Rodmell and Southease

Rodmell & Southease news
Rodmell & Southease news

LOVELY WEATHER: I hope you have all been enjoying the lovely weather. What with the disasters in politics and the awful fire in London, plus the terrorism issues, we haven’t had a lot to be cheerful about have we, so a little bit of sunshine was much needed. I have really enjoyed the early mornings and the lovely evenings, when I’ve loved working in the garden. The scents of various shrubs and flowers are heavenly. It’s been a bit of a pain doing all the watering though, and everything dries out so quickly. The recent winds played havoc with my broad beans, which had been doing so well and the pub had part of a tree fall across the street, causing a bit of havoc in the early morning when the villagers wanted to get to work. I heard that several trees came down in this area.

WONDERFUL FRIENDS: Having had a birthday recently, I have to admit to having been spoilt by my wonderful friends. One took me for tea at the Hydro Hotel in Eastbourne, one of my favourite haunts, another treated me to lunch at Rottingdean and yet another laid on a birthday lunch for me at her house in Eastbourne, plus we had a cousins’ lunch at the Cock Inn to celebrate another cousin’s birthday. I share my birthday with my cousin Maureen and her daughter’s had twins on her birthday, so June is a real family month.

A SHOCK: It was a shock/horror I heard on the radio recently that two thirds of Britons eat only three portions of fruit and vegetables a day, and many don’t eat any for three days per week. A survey was done on young people up to 17 years old and when asked, ‘where do tomatoes and eggs come from’, they answered ‘ the supermarket’. Fair enough, they do, but knowing the actual basis of the food would help don’t you think? Several thought strawberry jam on toast or bread was one of their five-a-day. Diabetes UK must be feeling quite disturbed at these results given the importance of a healthy diet in avoiding and managing diabetes.

NEW BOOK: There is a book coming out soon by a remarkable lady named Manal al-Sharif who dared to drive a car in Saudi Arabia. How can a country who had a girl who was so intelligent she acquired a first in Computer Science and was awarded an internship at Aramco, an oil company, say that ‘driving would damage a women’s ovaries.’ I cannot comprehend that men are so afraid of intelligent women that they will do anything to keep them under. Thank goodness women over here and in most countries worldwide, have fought back and hold their own. I can remember that I was told in my twenties that I was unable to get a mortgage because I was a woman. That rankled me. Manal’s book Daring to Drive is published by Simon and Schuster for £16.99. I hope it does well.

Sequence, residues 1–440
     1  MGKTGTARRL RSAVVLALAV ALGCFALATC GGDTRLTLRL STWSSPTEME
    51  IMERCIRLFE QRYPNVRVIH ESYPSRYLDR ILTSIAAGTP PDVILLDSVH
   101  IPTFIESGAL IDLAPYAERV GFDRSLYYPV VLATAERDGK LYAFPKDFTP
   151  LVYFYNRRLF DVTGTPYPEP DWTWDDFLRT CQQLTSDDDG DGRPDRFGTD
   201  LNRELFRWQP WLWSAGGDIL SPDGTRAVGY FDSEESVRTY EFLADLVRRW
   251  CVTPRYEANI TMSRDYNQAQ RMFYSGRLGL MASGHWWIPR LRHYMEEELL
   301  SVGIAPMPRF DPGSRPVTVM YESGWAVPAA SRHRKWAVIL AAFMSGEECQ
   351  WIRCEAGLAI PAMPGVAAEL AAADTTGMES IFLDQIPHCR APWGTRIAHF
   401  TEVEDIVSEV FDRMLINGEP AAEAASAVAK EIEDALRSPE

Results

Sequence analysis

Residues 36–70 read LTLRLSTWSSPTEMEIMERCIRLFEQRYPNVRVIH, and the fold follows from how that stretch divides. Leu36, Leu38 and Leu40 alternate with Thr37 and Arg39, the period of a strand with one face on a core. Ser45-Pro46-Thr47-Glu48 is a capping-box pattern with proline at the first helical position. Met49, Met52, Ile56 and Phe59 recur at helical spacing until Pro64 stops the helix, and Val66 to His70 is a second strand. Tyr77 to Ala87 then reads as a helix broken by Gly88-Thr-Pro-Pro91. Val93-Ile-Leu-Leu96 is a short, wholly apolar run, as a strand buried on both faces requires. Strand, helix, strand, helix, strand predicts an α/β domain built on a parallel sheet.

THE C7: Driving on the C7 doesn’t seem to get any better and when I’m working in my garden on a Saturday afternoon, I hear horns being used a lot, usually by drivers travelling too fast coming from Lewes. They don’t seem to realise that a sign saying 30mph means 30, not 40-50mph, and yes, people do have to wait in the centre of the road to turn up Mill Lane, they live up there, so drivers please be more patient. We also have several people well over 90 years old, who have to get across the road, plus the people who have had a few in the pub and play Russian Roulette trying to help each other across the road (especially on a Sunday afternoon or evening). It can be very amusing watching them, but it’s dangerous for them as well. Monks House visitors are also not used to this dangerous blind junction. A lady in a white 4x4 has been a topic of conversation recently in the area, as people have noticed she waits at the junction of Wellgreen Lane and the C7 until cars coming from Swanborough direction are nearly up to her, then drives out in front of them. She did it to me once and I don’t take chances on this road, but narrowly missed her. My friend’s daughter had the same experience. Lady, whoever you are, your days may be numbered.

Don’t miss out on all the latest breaking news where you live.

Here are four ways you can be sure you’ll be amongst the first to know what’s going on.

1) Make our website your homepage at www.sussexexpress.co.uk/

2) Like our Facebook page at www.facebook.com/pages/Sussex-Express/

3) Follow us on Twitter @sussex_express

4) Register with us by clicking on ‘sign in’ (top right corner). You can then receive our daily newsletter AND add your point of view to stories that you read here.

And do share with your family and friends - so they don’t miss out!

The Sussex Express - always the first with your local news.

Be part of it.